The Bell Weather
After finishing typing out the last blog entry I started to wonder if drainage could be described as a bell weather section of the agricultural industry. Apparently, according to the oracle that is Wikipedia, Bell Weather is derived from an agriculture term! It refers to the practice of placing a bell around the neck of a castrated ram (a wether) leading his flock of sheep. The movements of the flock could be noted by hearing the bell before the flock was in sight. I’m not sure I want to be linked to a castrated ram, but I do get the impression that land drainage can help gauge confidence in the industry.
Whilst I would argue that drainage makes sense at any time, (to almost quote Mandy Rice Davis’ comments during the Profumo Affair “well he would really wouldn’t he”) most people are keener to put their hand in their pocket when times are good. Investing in a capital project is far more tempting if the repayment period is short and if good times ahead seem likely. In addition many people seem forget about drainage, it can easily be done. The efforts of drainage are hidden under three foot of soil, and before long the increased yields just become the norm. It’s not like a big, new, shiny tractor that grabs attention, drainage is something which is thought about, planned and carefully calculated. In part an investment in drainage reflects a farmer’s confidence is future.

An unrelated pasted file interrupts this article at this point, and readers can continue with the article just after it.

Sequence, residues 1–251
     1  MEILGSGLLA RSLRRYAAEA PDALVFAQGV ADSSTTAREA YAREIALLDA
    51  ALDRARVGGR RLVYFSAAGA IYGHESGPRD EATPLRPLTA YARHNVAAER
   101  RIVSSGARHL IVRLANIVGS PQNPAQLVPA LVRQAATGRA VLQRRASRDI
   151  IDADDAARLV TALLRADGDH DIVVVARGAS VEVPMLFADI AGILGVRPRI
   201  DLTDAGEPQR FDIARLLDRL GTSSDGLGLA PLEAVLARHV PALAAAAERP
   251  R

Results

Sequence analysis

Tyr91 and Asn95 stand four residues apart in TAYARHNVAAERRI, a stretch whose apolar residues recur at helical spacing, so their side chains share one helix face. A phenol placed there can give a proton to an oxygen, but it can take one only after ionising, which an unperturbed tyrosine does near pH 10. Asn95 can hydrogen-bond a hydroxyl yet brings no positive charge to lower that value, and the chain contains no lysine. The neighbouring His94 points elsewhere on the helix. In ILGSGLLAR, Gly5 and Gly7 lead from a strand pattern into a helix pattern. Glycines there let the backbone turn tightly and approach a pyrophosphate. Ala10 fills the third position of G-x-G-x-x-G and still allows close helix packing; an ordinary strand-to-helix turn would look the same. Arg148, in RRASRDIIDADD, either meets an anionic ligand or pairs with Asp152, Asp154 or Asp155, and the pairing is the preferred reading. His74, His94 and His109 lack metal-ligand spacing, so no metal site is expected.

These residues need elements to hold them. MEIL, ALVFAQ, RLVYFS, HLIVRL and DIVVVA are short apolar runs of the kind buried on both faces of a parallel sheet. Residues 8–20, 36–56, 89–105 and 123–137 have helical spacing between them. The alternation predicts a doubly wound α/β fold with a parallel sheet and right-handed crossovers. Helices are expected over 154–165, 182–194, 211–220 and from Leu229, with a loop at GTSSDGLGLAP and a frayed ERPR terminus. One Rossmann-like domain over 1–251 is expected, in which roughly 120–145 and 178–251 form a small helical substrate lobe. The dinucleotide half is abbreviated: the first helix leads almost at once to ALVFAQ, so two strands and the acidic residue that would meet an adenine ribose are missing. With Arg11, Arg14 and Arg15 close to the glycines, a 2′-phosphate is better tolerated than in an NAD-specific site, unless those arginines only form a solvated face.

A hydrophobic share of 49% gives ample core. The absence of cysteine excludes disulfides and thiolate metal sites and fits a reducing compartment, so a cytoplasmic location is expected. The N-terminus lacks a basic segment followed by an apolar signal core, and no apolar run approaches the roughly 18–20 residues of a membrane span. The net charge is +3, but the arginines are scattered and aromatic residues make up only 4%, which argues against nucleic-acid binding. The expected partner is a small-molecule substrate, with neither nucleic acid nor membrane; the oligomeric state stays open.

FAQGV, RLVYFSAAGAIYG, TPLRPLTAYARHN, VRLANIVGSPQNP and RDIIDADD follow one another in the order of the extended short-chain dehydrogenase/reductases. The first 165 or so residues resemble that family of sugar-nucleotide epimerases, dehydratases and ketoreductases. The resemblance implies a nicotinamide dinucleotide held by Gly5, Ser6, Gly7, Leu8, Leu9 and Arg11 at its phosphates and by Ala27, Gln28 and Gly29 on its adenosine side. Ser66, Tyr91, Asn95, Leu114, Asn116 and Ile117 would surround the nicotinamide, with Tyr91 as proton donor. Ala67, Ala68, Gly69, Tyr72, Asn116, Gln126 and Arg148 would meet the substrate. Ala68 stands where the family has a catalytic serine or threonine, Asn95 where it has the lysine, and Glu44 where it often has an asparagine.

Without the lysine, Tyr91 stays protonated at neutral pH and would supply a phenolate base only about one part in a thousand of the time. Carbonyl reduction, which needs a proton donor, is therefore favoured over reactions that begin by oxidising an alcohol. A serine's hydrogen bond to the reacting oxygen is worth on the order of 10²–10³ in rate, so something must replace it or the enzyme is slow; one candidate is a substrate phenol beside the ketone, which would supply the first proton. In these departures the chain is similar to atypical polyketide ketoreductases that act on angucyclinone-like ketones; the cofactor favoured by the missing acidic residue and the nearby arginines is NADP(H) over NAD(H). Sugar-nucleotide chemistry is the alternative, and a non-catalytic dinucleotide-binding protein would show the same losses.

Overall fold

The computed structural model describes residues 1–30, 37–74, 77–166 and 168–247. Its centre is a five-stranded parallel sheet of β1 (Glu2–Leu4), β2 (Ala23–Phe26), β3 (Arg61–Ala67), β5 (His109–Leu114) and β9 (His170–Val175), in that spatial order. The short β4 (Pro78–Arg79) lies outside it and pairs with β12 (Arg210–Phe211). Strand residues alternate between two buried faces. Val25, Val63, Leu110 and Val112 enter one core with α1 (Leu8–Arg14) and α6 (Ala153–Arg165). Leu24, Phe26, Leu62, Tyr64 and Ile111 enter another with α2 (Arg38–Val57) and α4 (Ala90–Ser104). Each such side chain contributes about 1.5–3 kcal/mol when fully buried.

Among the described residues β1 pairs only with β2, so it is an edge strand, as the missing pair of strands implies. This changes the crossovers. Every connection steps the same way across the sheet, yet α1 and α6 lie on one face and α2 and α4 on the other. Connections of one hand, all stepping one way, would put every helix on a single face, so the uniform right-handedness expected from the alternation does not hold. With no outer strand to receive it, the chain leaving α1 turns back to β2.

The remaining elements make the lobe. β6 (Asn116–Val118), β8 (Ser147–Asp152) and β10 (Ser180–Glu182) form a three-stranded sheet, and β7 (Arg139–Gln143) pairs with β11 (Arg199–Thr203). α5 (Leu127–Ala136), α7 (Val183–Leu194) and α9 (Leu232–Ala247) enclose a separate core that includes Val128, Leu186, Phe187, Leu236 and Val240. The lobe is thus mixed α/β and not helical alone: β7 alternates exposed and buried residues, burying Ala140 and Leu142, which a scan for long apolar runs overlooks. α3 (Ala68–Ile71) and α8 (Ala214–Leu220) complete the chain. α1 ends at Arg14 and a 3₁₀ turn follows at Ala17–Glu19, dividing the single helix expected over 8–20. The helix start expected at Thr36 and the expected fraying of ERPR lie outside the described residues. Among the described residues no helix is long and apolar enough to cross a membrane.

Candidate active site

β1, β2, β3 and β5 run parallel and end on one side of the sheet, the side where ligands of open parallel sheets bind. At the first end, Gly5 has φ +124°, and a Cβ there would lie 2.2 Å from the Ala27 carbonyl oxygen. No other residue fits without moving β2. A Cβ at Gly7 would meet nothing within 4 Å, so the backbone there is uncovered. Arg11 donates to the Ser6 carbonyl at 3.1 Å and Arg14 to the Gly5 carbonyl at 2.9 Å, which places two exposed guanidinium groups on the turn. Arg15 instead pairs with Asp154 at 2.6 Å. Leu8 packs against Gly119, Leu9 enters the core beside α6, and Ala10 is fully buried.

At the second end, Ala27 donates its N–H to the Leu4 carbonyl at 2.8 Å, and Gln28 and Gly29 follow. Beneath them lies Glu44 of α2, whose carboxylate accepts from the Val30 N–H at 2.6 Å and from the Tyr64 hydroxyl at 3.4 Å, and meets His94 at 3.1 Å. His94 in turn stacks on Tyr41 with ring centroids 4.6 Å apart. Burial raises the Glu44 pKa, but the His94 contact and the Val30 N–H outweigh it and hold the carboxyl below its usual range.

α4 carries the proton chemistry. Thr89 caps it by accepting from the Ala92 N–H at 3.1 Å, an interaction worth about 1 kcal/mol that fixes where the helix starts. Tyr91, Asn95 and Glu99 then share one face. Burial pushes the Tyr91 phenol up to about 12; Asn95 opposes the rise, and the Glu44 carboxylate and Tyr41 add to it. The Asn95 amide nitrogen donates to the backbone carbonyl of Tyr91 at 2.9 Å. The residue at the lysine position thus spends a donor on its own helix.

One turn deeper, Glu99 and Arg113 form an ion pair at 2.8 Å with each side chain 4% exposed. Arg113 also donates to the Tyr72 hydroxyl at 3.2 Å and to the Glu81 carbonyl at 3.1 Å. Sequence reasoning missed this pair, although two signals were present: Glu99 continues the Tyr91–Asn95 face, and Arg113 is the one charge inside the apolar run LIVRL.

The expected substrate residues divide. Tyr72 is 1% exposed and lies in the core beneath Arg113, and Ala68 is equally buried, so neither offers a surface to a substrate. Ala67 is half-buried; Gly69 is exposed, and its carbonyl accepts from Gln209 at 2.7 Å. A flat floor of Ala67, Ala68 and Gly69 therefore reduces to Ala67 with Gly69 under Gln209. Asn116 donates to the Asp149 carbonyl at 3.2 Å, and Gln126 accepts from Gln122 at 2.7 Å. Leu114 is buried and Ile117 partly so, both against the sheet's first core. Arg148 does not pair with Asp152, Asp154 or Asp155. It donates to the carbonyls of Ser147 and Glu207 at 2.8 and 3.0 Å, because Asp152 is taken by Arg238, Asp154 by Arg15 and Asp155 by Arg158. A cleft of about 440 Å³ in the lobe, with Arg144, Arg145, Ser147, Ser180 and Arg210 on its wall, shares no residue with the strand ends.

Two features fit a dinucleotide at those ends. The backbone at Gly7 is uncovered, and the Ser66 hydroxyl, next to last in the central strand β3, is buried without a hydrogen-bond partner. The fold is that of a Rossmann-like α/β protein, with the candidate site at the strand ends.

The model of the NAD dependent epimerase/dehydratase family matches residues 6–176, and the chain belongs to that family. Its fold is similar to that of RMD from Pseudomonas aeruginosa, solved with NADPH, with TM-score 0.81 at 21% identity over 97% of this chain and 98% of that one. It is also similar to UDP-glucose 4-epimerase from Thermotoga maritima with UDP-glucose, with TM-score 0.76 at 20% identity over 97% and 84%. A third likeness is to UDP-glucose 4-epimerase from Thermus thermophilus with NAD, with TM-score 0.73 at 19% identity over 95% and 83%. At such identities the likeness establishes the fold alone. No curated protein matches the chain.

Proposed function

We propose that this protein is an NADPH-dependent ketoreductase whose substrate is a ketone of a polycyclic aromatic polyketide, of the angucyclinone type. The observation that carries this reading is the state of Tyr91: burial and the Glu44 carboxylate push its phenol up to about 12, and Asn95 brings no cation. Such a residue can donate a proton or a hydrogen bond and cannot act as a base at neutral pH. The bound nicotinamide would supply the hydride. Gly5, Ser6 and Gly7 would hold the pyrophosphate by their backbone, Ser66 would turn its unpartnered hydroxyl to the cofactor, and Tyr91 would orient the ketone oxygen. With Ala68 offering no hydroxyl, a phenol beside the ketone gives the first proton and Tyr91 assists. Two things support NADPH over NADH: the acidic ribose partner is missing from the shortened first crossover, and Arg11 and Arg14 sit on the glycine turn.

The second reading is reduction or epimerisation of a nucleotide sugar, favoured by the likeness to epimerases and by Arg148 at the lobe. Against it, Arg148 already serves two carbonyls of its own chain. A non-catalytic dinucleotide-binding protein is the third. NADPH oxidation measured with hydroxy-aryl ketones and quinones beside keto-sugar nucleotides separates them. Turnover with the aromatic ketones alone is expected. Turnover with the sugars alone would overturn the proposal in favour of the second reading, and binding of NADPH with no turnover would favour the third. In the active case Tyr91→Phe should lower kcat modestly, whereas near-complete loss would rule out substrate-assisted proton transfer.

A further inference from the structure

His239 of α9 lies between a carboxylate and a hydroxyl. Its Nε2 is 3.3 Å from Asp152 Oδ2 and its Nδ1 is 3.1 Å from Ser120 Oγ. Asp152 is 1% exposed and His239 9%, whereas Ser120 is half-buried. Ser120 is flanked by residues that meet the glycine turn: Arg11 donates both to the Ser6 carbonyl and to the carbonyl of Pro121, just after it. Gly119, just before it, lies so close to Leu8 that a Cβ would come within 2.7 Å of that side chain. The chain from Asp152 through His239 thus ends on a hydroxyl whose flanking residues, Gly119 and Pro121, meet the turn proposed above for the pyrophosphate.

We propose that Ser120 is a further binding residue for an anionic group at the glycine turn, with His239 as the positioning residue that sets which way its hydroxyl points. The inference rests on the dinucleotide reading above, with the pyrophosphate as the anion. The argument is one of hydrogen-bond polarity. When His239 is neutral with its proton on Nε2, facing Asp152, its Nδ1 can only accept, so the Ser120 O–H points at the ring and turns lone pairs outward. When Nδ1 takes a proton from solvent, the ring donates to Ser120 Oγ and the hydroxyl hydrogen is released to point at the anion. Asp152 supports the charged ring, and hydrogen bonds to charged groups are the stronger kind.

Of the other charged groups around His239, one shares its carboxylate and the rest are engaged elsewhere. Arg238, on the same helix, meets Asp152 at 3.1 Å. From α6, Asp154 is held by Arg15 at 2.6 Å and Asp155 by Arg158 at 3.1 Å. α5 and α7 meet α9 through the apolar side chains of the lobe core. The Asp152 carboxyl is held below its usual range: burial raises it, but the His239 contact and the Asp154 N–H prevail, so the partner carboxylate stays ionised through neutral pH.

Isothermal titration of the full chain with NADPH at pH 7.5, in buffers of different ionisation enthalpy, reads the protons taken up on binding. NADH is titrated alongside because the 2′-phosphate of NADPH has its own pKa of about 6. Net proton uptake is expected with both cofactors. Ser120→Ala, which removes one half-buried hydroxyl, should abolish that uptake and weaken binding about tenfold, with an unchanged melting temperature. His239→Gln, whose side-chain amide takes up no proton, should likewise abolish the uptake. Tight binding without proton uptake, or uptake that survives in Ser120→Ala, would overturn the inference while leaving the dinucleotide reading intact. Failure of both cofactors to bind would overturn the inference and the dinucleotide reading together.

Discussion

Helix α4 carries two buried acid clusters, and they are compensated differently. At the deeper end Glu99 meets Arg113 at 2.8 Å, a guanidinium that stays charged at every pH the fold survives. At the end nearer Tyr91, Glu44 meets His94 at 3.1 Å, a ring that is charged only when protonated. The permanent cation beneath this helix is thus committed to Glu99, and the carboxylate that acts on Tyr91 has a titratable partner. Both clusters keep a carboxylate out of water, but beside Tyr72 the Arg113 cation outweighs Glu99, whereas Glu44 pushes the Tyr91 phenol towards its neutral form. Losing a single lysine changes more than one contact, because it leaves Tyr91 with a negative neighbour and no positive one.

If that is true, the good news for everyone is that we have definitely noticed an increase in the number of enquires we have had this year is comparison to the same time last year. If I’m wrong and drainage has no relationship to the rest of the agricultural industry, at least you can write a comment at the bottom of this page tearing my argument to pieces! I have no doubt about the reason why, but its arable farmers who are calling us up at the moment. Wet fields previously set-aside are being pushed into service and poor performing fields are no longer being tolerated. What does this mean, well a busy summer for us I hope, but always perhaps a little optimism for the whole of the farming world.